In order to establish a feel for each putter, I started with the practice green and the iPing setup.  Normally, I don’t evaluate gear in practice scenarios because it’s misleading, but I started here so that I could get a sense of each of the putter’s characteristics before putting them in play.  I hit fifty 5-footers with each model from the same spot and evaluated the data.  According to the app, I was most consistent with the Shea H, which was interesting, given that was a putter I would have selected on looks alone.  The Ketsch was not far off, and I had a pretty rough time with the Anser CB, given that it would be the putter I would have most likely purchased blind in a shop.  As we all know, practice rarely translates to the course in the duffer space, so off I went to play actual holes.

When time and course availability allowed, I played each putter in 4-8 hole stretches over the last few weeks.  I started with the worst performing (for me), the Anser CB and Shea Regular.  In my heart, I was biased.  I wanted the Anser CB to work badly because it scratched all my itches – classic blade design, adjustable length shaft and counterbalancing.  It’s a sexy package, just one that isn’t my type.  I struggled with aligning it, it was either too heavy or too light and overall it was just a poor match.  My performance was telling me what the data already had – it was just not meant to be.  The Shea Regular was wrong to a lesser degree and different reasons – it was too light.  The app told me my tempo was too fast and my swing plane was erratic.  What it continually translated to on the course were putts that sailed by the hole, and lots of low side misses, as I tried to compensate for the weight.  I played an aggregate 4 rounds each with these putters, and they just weren’t there.  Again, nFlight warned me, iPing warned me, but the heart wants what it wants, and in the end it changed my perception of putter fitting and the need to be honest with yourself about where you excel and fade on the green.

On the other end of the spectrum were the two putters both nFlight and iPing indicated would be the best fit – The Shea Heavy and the Ketsch.  Based on the iPing data, I expected this to be a dogfight.  The Shea H was a wonderful flat stick.  Heavy in the right places, excellent control, and coming from the Shea Regular, a stark contrast from a putter that looked identical.  The Shea H was not the first recommendation from nFlight, but had the evaluation stopped there, my bag would have been complete.  I’ll deviate here for a minute and discuss the grip.  Part of the reason I took so many practice putts was to acclimate myself back to a skinny grip – I’ve been a fat grip convert for about a year now.  Back in the skinny saddle, the Shea H would have felt awkward with a large grip. The sleek lines that flow from grip to shaft to neck were a calming combination and inspired confidence.  The Ketsch, on the other hand, was a tank.  Large bodied, bold sightline and a heavy head made it feel like the last prototype before retail production.  But, like a muscle car shot with a coat of primer, it blew the doors off any putter I’d handled in a long time.  For all the brawn, the Ketsch was as delicate as a surgical scalpel on the greens.  With three sightlines, the center shafted Ketsch was a breeze to align, and despite the weight and size, was dead simple to control.  In my time with the Ketsch, I found that I was able to control lag putts with more command, and that my thoughts shifted from distance control to actually reading the lines and trusting the roll.  It was a beautiful feeling, one that I had a lot of trouble parting with.  The Ketsch accomplishes what so many other models fall short of: eliminating stressful parts of the process.  Read the line, align the sight marks, trust the roll.  The results will speak for themselves.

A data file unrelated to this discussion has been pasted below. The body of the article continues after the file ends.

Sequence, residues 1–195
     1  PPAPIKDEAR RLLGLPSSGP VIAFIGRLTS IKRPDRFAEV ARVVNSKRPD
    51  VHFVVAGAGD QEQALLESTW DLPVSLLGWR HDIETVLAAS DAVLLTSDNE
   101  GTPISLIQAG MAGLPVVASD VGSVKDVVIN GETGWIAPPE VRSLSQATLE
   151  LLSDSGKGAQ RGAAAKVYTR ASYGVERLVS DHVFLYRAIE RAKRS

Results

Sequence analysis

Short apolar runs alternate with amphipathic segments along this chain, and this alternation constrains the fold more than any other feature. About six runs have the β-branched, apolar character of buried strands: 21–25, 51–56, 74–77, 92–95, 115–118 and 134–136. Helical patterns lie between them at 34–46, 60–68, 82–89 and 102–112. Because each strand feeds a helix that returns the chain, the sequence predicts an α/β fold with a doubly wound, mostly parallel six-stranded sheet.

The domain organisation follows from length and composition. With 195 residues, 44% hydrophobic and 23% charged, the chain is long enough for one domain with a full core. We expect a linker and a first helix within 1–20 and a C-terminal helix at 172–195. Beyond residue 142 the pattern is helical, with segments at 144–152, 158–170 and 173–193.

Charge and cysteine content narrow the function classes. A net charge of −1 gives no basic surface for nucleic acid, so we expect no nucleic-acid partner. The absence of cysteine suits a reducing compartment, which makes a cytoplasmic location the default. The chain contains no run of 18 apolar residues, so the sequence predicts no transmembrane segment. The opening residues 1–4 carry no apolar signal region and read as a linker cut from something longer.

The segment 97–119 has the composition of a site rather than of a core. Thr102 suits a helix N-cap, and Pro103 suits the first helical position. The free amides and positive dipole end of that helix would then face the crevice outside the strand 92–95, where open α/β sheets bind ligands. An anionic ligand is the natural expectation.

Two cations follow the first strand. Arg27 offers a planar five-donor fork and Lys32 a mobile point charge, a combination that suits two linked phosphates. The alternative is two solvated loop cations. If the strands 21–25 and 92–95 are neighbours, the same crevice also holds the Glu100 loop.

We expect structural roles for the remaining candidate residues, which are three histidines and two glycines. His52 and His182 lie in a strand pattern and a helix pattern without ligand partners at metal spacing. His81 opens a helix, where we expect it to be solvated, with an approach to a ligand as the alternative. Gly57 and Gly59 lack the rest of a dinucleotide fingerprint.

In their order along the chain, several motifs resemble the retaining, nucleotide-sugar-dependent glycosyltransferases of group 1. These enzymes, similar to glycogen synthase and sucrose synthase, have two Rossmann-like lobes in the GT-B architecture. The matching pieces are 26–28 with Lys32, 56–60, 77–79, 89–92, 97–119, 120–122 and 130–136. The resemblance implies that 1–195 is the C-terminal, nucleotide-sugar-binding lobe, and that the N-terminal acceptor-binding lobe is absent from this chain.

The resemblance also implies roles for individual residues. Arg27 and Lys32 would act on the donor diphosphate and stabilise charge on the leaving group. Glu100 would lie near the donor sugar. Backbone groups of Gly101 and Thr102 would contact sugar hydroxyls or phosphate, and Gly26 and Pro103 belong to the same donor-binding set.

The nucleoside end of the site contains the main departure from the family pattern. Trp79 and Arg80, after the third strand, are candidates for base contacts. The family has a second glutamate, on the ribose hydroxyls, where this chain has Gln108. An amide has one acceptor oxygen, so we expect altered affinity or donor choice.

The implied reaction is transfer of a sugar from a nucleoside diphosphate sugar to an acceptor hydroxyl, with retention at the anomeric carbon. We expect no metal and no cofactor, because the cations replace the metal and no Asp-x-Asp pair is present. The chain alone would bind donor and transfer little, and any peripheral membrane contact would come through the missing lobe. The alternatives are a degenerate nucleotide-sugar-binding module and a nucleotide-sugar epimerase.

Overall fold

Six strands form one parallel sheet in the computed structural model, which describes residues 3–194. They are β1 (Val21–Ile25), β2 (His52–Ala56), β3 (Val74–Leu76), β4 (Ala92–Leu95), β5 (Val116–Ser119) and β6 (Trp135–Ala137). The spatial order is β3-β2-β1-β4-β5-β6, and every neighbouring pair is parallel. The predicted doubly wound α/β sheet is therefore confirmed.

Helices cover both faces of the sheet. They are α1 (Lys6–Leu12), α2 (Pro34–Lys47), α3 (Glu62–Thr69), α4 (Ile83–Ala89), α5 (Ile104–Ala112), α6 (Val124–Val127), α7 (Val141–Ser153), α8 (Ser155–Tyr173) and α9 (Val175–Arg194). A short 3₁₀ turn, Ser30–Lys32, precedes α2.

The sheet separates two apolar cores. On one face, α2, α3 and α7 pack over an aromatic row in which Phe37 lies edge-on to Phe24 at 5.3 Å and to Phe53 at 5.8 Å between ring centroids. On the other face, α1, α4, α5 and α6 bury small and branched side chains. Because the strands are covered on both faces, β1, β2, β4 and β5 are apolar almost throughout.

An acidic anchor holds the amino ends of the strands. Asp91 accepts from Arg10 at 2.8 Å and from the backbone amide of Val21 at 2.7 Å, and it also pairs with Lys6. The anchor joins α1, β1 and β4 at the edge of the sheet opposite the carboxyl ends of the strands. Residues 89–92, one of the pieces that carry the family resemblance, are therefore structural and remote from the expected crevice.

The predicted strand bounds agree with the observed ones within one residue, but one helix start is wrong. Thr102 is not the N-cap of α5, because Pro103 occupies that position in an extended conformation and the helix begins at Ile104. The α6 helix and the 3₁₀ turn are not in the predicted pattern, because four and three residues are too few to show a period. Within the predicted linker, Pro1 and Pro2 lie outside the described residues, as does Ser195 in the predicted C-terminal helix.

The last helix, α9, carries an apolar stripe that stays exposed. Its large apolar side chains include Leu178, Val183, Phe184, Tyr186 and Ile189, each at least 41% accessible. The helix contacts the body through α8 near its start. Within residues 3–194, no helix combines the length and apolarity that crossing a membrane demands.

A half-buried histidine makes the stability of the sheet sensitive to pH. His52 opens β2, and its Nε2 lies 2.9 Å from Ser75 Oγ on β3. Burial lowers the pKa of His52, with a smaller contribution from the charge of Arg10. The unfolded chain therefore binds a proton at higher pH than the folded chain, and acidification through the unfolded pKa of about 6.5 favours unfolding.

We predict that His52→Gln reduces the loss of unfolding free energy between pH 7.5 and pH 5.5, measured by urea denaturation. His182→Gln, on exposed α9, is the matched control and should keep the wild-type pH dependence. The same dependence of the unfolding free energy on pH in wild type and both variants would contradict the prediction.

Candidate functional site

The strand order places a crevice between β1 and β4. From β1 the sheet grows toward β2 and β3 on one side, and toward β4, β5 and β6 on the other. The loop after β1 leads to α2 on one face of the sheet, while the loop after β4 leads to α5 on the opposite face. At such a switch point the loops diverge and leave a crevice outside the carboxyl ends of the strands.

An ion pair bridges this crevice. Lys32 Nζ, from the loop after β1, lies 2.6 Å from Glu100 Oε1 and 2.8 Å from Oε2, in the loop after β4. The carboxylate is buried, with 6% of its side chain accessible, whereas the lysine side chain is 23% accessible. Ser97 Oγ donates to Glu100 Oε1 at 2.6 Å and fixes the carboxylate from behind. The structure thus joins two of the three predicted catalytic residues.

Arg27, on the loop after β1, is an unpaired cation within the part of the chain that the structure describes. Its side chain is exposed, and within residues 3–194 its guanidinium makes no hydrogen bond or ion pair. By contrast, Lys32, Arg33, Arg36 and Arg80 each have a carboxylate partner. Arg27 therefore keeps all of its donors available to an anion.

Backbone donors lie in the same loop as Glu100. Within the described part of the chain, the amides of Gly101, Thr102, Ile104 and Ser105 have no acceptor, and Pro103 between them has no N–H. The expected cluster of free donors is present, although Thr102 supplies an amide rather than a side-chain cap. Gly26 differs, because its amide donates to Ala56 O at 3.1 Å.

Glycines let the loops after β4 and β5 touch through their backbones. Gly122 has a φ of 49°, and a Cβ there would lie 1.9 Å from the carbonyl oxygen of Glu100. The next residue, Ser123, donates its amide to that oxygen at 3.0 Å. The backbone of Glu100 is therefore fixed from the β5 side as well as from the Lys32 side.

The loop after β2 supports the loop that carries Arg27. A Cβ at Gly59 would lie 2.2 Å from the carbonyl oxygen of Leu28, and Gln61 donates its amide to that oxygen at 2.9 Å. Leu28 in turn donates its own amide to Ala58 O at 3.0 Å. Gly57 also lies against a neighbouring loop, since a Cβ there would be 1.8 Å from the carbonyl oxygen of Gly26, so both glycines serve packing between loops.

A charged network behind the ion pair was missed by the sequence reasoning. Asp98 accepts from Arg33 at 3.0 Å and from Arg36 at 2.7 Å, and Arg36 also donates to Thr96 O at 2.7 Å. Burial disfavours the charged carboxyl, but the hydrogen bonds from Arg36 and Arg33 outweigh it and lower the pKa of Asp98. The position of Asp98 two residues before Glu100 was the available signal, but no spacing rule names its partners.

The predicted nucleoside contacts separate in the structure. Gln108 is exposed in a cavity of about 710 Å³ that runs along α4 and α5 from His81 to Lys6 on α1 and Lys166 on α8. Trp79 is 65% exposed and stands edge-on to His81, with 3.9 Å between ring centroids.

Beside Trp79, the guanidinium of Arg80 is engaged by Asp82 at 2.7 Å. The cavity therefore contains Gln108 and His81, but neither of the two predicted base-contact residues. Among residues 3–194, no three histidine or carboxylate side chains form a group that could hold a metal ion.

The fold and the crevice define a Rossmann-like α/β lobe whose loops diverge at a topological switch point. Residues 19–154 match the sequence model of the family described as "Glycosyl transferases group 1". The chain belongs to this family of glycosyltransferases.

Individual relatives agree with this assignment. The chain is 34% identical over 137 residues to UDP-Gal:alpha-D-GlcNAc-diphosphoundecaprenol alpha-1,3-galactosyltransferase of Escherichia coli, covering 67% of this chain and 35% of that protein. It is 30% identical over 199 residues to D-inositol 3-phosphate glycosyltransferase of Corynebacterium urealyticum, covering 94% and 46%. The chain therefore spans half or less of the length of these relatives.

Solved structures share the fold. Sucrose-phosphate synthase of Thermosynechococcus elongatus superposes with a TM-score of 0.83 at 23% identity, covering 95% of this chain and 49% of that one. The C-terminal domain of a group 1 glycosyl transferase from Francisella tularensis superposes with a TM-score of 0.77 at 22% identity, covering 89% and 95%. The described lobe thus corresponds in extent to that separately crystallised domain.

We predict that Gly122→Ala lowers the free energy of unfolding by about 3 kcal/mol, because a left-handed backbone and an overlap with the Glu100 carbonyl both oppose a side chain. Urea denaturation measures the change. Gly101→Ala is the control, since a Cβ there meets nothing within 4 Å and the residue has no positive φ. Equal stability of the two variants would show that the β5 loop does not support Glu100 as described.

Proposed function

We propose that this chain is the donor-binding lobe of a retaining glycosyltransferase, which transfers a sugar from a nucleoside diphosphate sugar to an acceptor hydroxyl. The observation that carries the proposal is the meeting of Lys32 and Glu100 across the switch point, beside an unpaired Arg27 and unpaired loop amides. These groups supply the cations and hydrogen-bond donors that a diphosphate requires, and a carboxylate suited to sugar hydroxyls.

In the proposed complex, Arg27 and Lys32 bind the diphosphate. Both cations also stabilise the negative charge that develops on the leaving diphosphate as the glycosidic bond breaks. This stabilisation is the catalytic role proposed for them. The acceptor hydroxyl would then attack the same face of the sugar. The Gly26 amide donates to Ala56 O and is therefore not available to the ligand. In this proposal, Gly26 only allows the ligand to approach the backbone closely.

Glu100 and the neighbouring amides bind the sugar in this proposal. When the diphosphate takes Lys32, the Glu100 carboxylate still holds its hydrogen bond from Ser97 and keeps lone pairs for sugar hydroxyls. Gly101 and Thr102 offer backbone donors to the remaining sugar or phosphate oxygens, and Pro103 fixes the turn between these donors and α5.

What all four putters shared were the flat black finish the True Roll (TR) insert.  The flat black finish was a welcome feature that provided a true contrast to the putting surface, and given the finish, did not reflect sunlight into your face during high noon rounds.  The TR insert felt the same across all four putters, and gave off a clean click on impact, sending enough feedback to your hands to judge a good strike from a poor one.  In a market flooded with gimmicks, the Cadence TR line is no frills, no bells and all performance.

The Ping Cadence TR putters offer a wide variety for all types of putting styles.  Heavy head options, swing arc choices and adjustable-length shafts round out an extensive offering of flat sticks in the line.  Paired with iPing and nFlight Web Fitting, Ping has effectively bundled elements of a custom fitting for the masses.  I suggest you take full advantage for any Ping putter you select for your game.  For more information on the Ping Cadence TR line, visit the product site at





Related Posts


Share This



  1. Ping iE1 irons - A Mid-Handicapper's Dream Come True - - […] how did they play in real world scenarios?  If you recall my review of the Cadence TR putter line,…

Leave a Reply

Your email address will not be published. Required fields are marked *